As a true crime anthology drama living up to its title in every way conceivable, Peacock’s ‘Dr. Death’ can only be described as equal parts baffling, gripping, intriguing, haunting, and shocking. That’s because its each installment follows those particular cases wherein medical professionals took advantage of their work for gain without a single care about ethics, morality, or human lives.
Thus, of course, season 2 is absolutely no different — it chronicles the tale of cardiothoracic surgeon and Karolinska Institute researcher Paolo Macchiarini as he crosses all bounds across the globe. Yet for now, if you simply wish to learn more about the individual/s to have arguably abetted him along the way — Nils Headley from KI, in the original series — we’ve got the details for you.
Nils Headley Seems to Have Been Inspired by Many
Although there’s not one distinct person Nils (portrayed by ‘This Life’ star Jack Davenport) appears to be based on in his entirety, the character does possess a lot of significance considering his role. He’s actually the prime Karolinska Institute executive who backed Paolo at every step following his recruitment with just an unwavering goal in mind: to help this establishment earn a Nobel Prize.
In other words, Nils essentially serves as an official provost at the renowned Swedish organization wherein most of Paolo’s “ground-breaking” stem cell surgeries/synthetic transplants occur. He thus kind of becomes responsible for pushing the latter’s “innovative” ideas just to earn the prestigious Nobel mark, unaware all his so-called research was wholly scientifically baseless. However, even when suspicions are raised by co-workers, and he himself witnesses a few patients tragically passing away, he does place personal, political ambitions ahead of professional duty.
Coming to the KI-centric people Niel seems to be a combination of, they are then-Medical Nobel Committee Secretary Urban Lendahl, Vice-Chancellor Anders Hamsten, plus other board members. We actually specify them because while the former was involved in hiring Paolo in the first place in 2010, the latter were responsible for overseeing his work before making appropriate decisions. As for Anders, he has been explicitly named in several reports as the cardiollogistic specialist to have heard co-workers’ speculations from the get-go yet not made a move until it was too late.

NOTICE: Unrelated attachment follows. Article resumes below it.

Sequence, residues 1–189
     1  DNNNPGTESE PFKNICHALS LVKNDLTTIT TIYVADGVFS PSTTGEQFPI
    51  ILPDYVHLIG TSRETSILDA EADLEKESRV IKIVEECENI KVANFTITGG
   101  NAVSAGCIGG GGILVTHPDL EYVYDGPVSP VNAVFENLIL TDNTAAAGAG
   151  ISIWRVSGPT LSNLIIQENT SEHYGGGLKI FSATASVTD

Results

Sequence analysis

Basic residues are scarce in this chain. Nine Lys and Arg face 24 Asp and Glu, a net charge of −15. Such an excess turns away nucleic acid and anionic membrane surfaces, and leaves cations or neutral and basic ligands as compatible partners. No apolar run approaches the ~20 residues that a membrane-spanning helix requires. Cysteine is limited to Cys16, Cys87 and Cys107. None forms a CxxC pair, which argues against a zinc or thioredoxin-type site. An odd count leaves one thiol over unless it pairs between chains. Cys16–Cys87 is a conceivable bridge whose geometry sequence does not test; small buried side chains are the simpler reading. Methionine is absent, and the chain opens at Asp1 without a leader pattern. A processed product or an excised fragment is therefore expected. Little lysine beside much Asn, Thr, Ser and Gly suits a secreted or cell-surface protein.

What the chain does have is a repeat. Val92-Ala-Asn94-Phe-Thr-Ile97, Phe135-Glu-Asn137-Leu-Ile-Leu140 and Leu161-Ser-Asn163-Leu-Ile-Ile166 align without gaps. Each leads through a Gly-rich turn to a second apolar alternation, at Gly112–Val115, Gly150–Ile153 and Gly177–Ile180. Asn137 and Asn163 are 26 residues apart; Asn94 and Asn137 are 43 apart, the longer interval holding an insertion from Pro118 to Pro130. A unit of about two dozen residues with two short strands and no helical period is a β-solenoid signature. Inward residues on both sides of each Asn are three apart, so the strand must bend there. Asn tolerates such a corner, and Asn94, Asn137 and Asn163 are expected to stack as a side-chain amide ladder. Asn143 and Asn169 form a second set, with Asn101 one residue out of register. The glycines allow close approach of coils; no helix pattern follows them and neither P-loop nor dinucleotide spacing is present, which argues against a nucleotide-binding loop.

It was only in 2014 that things came to a head when three renowned KI doctors/Paolo’s former colleagues formally requested an internal investigation into his studies, theories, and conclusions. However, Anders soon publicly cleared him of all misconduct — he found no trace that the surgeon had violated any codes or laws while performing his regenerative stem cell-driven trachea transplant surgeries. He thus eventually ended up resigning from his Vice-Chancellor position in early 2015 as it was announced that another review of the matter would take place, but this time by a third party altogether.
In his resignation, Karolinska Institute education as well as lifelong career alum Anders had penned, in part, “Following the criticism on the so called Macchiarini affair at KI, I conclude it will be hard for me to serve as Vice-Chancellor with the strength and credibility this university needs. I will therefore leave office.” This actually came a mere week following Urban Lendahl’s own decision to part ways from his coveted post in early 2016, stating that in the face of a new inquiry, he expects investigators would likely involve him in the way Paolo’s relationship with the establishment panned out.
We should actually mention that because of this case, the Swedish government moved to dismiss KI’s entire board in September 2016, by which point Urbam Anders, plus Chairman Lars Leijonbor were gone. In the new external report, the former two were found to have acted “without due care” but weren’t held criminally responsible in any way, shape, or form. As for the latter, he had no involvement in Paolo’s misconduct yet he still handed in his resignation eight months before his Chairman term was to end believing that a new head would be better in the aftermath of it all to signify a new chapter for KI.
Since then, Anders has written an opinion piece for local Swedish newspaper Dagens Nyheter, wherein he candidly expressed he’d “completely misjudged” Paolo. He added, “[I]t seems very likely that my decision in this case was wrong. I realise it will be difficult for me to continue working as Vice Chancellor of Sweden’s most successful university with credibility and effectiveness.”